The City of Minneapolis is installing syringe drop boxes across the city as part of its larger response to the opioid crisis.
On Nov. 1, Minneapolis Health Department began installing 10 customized syringe drop boxes in public areas to supply a safe place for medical waste. Officials said these boxes are an important part of the city’s response to the opioid epidemic in Minneapolis and will prevent the spread of injury and infection.
Deputy Commissioner of the Minneapolis Health Department Noya Woodrich said that the city began working on solutions to opioid overdoses in Minneapolis more than a year ago when a number of departments began working with the homeless encampment along both Franklin and Hiawatha Avenues.
Woodrich said calls from community members, complaints at community meetings and feedback from city council members this past spring led the Minneapolis Health Department to start working to address problems with syringe litter.
“A lot of different people have been involved in the conversations trying to figure out, you know, really whose job is this, which role do each of the different departments play in this particular issue. But somewhere along the way it just became our thing here at the health department,” Woodrich said.
The Minneapolis Health Department's solution was custom-designed syringe boxes. The opening on the front of the box is large enough for a syringe – about the size of a quarter– so it deters people from putting in anything that isn’t a syringe or other medical waste, Woodrich said. Another benefit of the custom-designed box is that they can be installed in a number of different ways depending on its location.
One of the ten boxes will be stationed near campus in Currie Park in Cedar-Riverside. Woodrich said that there is not a ton of data indicating a significant syringe litter problem in the area. But she said feedback from local community members indicated a need for one in the neighborhood.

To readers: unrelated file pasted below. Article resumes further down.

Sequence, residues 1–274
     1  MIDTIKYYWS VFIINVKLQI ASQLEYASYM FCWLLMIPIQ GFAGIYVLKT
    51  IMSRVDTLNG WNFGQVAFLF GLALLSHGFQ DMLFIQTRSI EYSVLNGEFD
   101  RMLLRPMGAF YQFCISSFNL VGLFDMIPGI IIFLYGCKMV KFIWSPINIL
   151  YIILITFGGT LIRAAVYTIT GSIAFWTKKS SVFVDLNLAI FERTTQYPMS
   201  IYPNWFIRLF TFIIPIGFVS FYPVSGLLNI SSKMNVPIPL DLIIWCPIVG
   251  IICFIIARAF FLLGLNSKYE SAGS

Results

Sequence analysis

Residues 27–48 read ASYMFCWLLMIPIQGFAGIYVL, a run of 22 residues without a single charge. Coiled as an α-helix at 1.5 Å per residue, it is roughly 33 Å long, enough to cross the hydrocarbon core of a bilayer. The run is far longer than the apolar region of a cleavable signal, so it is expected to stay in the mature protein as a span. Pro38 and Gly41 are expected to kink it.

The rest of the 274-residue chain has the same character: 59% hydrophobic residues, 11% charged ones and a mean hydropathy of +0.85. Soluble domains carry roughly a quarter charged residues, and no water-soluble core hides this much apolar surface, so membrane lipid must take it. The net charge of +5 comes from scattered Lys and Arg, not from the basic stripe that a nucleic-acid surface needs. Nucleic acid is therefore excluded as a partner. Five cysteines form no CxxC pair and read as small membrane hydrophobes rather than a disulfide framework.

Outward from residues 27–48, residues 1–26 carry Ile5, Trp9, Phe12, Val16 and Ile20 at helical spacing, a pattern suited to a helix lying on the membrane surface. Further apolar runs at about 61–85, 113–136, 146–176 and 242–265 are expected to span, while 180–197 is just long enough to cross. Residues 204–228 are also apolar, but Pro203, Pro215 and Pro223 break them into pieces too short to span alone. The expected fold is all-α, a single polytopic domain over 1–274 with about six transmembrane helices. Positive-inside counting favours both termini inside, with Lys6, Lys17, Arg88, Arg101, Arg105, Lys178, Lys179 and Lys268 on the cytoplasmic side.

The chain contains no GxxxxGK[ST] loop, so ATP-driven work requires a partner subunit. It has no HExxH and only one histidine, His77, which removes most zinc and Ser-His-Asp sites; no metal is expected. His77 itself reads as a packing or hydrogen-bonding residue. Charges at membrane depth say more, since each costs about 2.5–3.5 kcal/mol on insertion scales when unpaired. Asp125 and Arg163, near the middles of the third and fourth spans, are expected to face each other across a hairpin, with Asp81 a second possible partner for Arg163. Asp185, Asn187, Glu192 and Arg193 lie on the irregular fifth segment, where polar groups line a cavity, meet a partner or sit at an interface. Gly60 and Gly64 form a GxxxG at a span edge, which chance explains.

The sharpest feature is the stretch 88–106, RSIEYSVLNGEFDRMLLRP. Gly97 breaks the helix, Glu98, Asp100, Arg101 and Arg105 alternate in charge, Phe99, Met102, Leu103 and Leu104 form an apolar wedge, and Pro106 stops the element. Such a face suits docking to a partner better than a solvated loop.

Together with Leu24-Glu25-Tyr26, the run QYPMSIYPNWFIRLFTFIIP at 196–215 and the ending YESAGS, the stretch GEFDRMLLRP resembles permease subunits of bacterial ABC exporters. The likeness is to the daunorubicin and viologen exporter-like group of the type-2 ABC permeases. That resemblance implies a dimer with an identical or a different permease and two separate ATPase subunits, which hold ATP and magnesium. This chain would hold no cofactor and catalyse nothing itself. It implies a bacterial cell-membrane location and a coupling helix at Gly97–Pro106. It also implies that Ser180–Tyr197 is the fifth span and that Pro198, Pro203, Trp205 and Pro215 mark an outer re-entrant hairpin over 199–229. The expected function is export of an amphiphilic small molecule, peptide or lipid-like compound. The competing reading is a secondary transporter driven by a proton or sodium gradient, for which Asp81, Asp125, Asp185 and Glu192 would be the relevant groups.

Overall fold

Founder of Daryeel Youth Street Outreach Abdirahman Mukhtar works with youth in Cedar-Riverside to prevent opioid overdoses in the community. He runs his outreach program on Friday nights from 8 p.m. to 10 p.m., a time when most overdoses typically occur, Mukhtar said.
Mukhtar said the boxes are a step in the right direction for reducing the harm caused by the opioid epidemic.
“Anything that can prevent any harm and public health issue is always effective,” Mukhtar said. “I think some future steps the city can take are to train people like me and people that do street outreach and non-traditional community leaders to help people who are dealing with addiction…”
Heidi Ritchie, policy director for Minneapolis Mayor Jacob Frey, said the syringe boxes are not only for opioid syringe disposal, but for any medical waste. Diabetics who take B12 shots, among other groups, are encouraged to use the boxes as well.
“It’s really kind of an anti-stigma campaign,” Ritchie said. “We put the boxes in last week, and now they are half full, so they are being utilized.”